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Justin Pagila is an extremely talented golfer for De La Salle. But it’s his goals off the course which define him. By JOE STIGLICH...

Justin Pagila is an extremely talented golfer for De La Salle. But it’s his goals off the course which define him.

By JOE STIGLICH | Contributor

Justin Pagila is one of the Bay Area’s most gifted prep golfers, so it’s amazing that the praise showered upon the De La Salle High School senior often has little to do with his game.

“He’s a dream kid, someone you’d want your daughter to go out with,” De La Salle assistant golf coach Terry Eidson said.

“An All-American type young man,” Foothill coach Bill Hayes added.

Referring to Pagila’s plans to enlist in the Army, De La Salle head coach Leo Lopoz couldn’t resist labeling Pagila “a true officer and a gentleman.”

It all sounds cliché and perhaps even corny. But it’s dead-on accurate in describing Pagila, who deservedly is commanding attention for his golf exploits too.

He made national headlines at the De La Salle Invitational on March 11 when he fired a 9-under 62, tying the course record at Diablo Country Club, which opened in 1914.

Pagila spent the summer competing in some of the country’s most elite junior tournaments, then went to China in November and finished seventh in the Aaron Baddeley International Junior Championship.

Having proven himself in so many high-profile events, Pagila could have chosen to play his college golf at some powerhouse program known for churning out PGA Tour regulars. 

That’s what makes his decision to join the Army so fascinating.

Pagila, 18, will play golf for the Cadets, but he realizes he’ll have to put his game on the back burner due to the time and service commitments at West Point.

He offers sound rationale for his decision.   

“When you walk into a room, there are certain people that instinctively take charge and gather the troops, so to speak,” Pagila said. “I wanna be one of those people. And I felt like (the Army) is where I can become like that versus any other place.”

Right now, he’s trying to lead De La Salle down the path to another Northern California championship. The Spartans won the NorCal crown in 2011, when Pagila finished fourth individually as a sophomore.  

The Palm Springs Champions Invitational on April 3 will provide a solid barometer for the team. But the Spartans already notched an impressive victory by winning their own De La Salle Invitational, which featured some of the state’s best players.

That’s where Pagila torched Diablo Country Club for seven birdies and a chip-in eagle on No. 18 to card his 62. The only golfers to match that number in the 99-year history of the course were Bud Shank in 1962 and Geoff Gonzalez in 2011.

To put some perspective on Pagila’s astonishing round: Beau Hossler, the prep phenom who briefly held the lead at the U.S. Open in June, played in the DLS Invitational three times at Diablo and reportedly never shot better than 70.

Acalanes junior Will Brueckner, who was in Paglia’s foursome that day, said he knew Pagila had a special round going after they played the par-3, 213-yard 13th hole, which requires a tee shot over water.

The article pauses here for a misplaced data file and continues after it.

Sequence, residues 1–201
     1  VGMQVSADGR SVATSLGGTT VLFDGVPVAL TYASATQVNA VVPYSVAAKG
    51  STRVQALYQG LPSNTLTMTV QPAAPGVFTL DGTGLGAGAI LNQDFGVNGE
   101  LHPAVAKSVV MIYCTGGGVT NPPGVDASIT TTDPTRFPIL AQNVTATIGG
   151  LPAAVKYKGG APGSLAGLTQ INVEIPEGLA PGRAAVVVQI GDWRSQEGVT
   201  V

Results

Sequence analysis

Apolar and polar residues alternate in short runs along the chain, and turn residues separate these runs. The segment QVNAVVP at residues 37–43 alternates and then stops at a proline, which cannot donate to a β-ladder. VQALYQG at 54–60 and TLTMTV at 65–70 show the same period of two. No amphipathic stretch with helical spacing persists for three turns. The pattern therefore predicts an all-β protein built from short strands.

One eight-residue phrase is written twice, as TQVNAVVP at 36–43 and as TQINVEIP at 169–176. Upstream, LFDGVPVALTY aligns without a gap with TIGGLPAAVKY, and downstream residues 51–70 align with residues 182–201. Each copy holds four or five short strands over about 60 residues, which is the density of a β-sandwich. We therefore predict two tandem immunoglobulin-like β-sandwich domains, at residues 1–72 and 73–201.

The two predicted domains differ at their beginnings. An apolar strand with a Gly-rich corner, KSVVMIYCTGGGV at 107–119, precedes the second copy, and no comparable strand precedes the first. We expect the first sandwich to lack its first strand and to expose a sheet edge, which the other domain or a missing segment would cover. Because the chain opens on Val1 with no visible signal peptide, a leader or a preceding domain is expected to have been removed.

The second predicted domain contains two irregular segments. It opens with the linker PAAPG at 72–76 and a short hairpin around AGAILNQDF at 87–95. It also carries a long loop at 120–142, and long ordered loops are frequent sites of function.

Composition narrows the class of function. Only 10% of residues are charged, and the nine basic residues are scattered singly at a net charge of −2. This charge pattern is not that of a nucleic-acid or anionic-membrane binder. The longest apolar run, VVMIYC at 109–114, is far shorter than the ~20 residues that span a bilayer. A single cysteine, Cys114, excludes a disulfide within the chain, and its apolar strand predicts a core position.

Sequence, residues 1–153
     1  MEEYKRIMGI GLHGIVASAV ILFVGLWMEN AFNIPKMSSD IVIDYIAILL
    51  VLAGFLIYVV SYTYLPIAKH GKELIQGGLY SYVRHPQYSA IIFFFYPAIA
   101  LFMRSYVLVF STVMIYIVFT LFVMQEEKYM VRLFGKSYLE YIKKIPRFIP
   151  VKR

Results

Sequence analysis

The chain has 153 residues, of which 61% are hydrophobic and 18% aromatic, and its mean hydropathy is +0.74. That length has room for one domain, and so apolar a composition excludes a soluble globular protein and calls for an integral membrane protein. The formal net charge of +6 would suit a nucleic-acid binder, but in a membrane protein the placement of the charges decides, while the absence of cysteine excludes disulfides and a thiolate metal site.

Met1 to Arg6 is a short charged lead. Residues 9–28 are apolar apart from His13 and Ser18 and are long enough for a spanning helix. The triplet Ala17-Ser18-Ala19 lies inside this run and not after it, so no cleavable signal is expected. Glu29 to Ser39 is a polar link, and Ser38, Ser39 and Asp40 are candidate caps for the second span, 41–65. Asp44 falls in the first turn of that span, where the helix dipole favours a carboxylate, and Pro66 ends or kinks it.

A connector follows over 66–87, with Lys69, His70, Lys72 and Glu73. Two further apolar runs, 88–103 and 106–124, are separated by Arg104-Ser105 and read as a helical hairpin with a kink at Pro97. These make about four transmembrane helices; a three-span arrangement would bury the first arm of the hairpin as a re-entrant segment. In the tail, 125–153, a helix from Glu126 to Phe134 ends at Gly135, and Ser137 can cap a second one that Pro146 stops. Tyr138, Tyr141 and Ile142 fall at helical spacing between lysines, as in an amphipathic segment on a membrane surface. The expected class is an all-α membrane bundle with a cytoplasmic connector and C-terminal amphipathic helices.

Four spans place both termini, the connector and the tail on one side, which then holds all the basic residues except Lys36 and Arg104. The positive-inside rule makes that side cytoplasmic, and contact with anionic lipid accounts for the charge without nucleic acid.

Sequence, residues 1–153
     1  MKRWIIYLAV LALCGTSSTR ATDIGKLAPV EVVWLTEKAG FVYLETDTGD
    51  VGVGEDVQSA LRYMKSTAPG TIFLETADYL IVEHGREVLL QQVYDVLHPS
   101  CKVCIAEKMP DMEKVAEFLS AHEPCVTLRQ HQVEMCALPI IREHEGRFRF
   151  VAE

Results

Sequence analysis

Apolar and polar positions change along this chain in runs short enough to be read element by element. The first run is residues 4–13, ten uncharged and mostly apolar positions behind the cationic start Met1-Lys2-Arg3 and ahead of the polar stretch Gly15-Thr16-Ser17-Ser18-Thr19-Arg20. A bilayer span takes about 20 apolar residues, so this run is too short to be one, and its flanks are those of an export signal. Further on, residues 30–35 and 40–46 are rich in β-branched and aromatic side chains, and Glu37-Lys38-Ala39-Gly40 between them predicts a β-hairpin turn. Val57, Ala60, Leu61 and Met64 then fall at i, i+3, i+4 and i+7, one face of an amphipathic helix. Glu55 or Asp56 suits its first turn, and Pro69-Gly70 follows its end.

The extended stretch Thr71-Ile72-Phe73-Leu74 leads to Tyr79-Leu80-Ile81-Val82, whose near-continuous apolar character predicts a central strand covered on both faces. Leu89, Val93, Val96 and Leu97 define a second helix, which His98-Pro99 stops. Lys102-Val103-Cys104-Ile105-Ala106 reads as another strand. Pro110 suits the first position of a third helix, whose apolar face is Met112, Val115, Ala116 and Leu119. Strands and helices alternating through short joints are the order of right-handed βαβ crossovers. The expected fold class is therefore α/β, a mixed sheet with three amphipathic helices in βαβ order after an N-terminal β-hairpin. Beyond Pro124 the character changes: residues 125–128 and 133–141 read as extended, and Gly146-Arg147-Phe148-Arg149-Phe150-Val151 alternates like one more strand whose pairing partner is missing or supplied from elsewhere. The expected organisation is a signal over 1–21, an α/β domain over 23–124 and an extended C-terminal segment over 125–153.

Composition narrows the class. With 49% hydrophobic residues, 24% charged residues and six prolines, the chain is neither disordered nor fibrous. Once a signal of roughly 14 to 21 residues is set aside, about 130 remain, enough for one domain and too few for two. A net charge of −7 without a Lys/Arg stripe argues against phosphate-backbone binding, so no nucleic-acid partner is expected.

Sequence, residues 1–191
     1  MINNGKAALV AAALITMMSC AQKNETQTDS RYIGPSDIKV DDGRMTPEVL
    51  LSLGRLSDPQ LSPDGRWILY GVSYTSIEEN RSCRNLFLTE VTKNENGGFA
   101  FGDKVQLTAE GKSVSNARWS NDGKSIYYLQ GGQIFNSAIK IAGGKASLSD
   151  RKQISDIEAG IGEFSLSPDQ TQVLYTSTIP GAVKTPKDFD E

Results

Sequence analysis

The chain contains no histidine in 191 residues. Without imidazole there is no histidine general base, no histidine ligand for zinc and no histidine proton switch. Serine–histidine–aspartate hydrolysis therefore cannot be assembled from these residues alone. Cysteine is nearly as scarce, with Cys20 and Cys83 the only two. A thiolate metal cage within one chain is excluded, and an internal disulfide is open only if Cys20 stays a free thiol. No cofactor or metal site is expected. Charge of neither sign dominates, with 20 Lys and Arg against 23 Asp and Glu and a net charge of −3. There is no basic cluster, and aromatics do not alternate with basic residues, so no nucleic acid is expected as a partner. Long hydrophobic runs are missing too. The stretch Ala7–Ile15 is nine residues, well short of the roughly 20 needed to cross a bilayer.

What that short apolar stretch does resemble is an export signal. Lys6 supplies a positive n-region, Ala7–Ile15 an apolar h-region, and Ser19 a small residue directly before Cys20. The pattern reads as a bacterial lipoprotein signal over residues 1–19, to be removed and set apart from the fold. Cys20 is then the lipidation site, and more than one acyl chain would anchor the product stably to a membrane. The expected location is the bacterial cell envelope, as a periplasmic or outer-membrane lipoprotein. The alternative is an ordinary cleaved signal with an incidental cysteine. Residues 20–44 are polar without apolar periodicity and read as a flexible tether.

Brueckner and the two others in the group flared their shots to the right.

“Justin took out a 4 iron and hit a bullet to about 10 feet,”  Brueckner said.

Brueckner, who recently won the San Francisco City Championship, has known Pagila since elementary school. It wouldn’t be a surprise to see both contending for the North Coast Section and NorCal individual titles.

“When he’s going good, the putts just fall,” Brueckner said of Pagila. “He stands over a putt, and he’s so focused and so confident that he has the right line, the ball is just gonna go in. I saw that pretty much on every hole (at Diablo).”

Hayes has coached Foothill — an East Bay Athletic League rival of De La Salle’s — for more than two decades, and he said Pagila ranks among the area’s top high school talents.

“He’s playing the course rather than just hitting shots,” Hayes said. “I’ve seen many kids, but I’ve seen nobody that is more mentally mature than he is.”

Pagila said he works to get the most out of his practice time. He tries to perfect certain shots that he knows he’ll need for specific courses on the schedule.

He’s also benefited from the Cross Fit training program he began doing with his father, Rodney, during the summer. Pagila has packed on 13 pounds since beginning the program and he’s added distance off the tee and improved his stamina.

His strength impresses Eidson, the De La Salle assistant who serves as the Spartans’ defensive coordinator during football season.

“Truth is, golfers have never been the greatest in the weight room,” Eidson said. “But he basically lifts like a football player.”

That conditioning will serve Pagila well in the Army. He’s required to spend four years at West Point, followed by five years of active duty and two years in the reserves. Pagila is confident that such a commitment won’t sabotage his hopes of playing professional golf.

“My commitment to Army will take precedence, but it’s not going to prevent me from becoming a PGA Tour golfer,” he said. 

“I’m not really looking that far down the road right now. My goal when I get to the Army is to do well in school and make Army one of the best teams in the NCAA.”

Lopoz, in his 10th season coaching De La Salle, talks highly of Pagila’s well-rounded game but marvels even more at his decision to attend West Point.

“His appointment to the Academy is a big deal to him,” Lopoz said. “He bypassed many schools that probably would have helped him advance his golf career. But it kind of sums up Justin though. He’s just different — in a good way.”

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